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 “Though Stoning Mary is only an hour long, it doesn’t manageto sustain its emotional effects: intriguing, but not quite successful.” (Hanks,2005)   “(…) Making open structures, performancesthat really ask the public to join the dots, to make connections- pieces thatdemand they run contrary or contradictory scenarios in their heads as theperformance unfolds etc.” (Svich, 2004) Stoning Mary perhaps makes you wonder how some of the audience having aPrivilege which is invisible from their inside, how open would they be to atleast experience and see what her work means in another light. However, Debbie TuckerGreen tackles this in a way that brings attention and focus to the wider issuesin the play in terms of trying to understand what is happening as well asopening a new door for Black communities to feel that they can come to thetheatre and laugh or cry without feeling like they don’t know what is happeningwhen it’s the opposite way.  The cultural Stereotypeswere perhaps played out so strong with white actors which undoubtedly willbring some discomfort f in the audience when watching, however you could saythis is a good feeling to bring out in order to make people aware of theirPrivilege of always being in a place of security or how we say in today’s world”woke” by bring things to one’s awareness of stereotypes which they may havenot considered before. Debbie tucker green claims “I was interested in questioning what we don’t see and hear.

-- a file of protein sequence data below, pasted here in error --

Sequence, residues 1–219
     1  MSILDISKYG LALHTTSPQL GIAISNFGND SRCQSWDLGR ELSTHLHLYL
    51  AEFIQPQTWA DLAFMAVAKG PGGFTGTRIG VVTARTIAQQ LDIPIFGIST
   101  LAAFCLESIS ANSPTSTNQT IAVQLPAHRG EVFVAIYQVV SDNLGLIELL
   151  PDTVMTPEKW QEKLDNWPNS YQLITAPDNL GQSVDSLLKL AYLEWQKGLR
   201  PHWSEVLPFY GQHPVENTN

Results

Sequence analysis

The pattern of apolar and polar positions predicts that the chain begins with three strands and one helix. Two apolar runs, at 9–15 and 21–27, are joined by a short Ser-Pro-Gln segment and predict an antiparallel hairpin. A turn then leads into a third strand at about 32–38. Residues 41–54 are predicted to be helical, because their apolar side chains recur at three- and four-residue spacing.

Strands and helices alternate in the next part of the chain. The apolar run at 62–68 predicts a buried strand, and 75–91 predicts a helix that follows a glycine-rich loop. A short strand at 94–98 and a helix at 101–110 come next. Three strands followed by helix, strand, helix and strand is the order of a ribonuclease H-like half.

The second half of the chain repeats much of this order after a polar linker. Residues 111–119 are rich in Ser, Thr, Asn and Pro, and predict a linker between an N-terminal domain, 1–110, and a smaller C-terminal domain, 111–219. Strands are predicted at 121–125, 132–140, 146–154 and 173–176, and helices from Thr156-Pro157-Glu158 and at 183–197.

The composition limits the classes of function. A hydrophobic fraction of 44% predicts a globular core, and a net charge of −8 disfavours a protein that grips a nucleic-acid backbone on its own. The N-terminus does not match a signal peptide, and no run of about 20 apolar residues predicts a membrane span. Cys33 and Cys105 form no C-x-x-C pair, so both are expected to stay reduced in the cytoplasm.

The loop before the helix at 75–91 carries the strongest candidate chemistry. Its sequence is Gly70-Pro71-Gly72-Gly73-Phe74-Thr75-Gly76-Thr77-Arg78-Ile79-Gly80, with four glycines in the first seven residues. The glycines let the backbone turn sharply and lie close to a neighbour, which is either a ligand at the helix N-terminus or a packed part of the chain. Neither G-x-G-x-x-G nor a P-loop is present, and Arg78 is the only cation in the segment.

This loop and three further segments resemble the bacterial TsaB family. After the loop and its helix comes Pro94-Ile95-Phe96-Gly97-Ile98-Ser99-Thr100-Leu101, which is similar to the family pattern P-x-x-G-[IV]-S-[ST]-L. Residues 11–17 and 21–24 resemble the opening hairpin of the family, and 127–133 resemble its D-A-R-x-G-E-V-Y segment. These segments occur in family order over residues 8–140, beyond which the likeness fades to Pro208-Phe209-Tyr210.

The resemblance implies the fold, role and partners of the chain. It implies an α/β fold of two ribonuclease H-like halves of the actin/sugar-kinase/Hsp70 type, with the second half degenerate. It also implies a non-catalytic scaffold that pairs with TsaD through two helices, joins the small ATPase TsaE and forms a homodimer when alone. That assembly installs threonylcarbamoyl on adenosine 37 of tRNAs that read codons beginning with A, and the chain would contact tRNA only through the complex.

The stories of people who would be in the headlines every day if what washappening to them was happening to white people. It happens all the time.’. (L.

Goddard, 2015) DebbieTucker Green Breaks apart the Synthesis by drawing attention to thepre-existing Relationships. “You cansee what Tucker Green is trying to do: shock us into new awareness by transposing three putative third worldstories into a whiteculture. “(Billington,2005) By having White Actors, you could argue that the Authoris allowing the actor who is portraying it to have less in common with whatthey are portraying, which if it were to be actors from African and Caribbeandescent the effect would somewhat be typical. By introducing this cultural swapallows the audience to also hear these stories more attentively.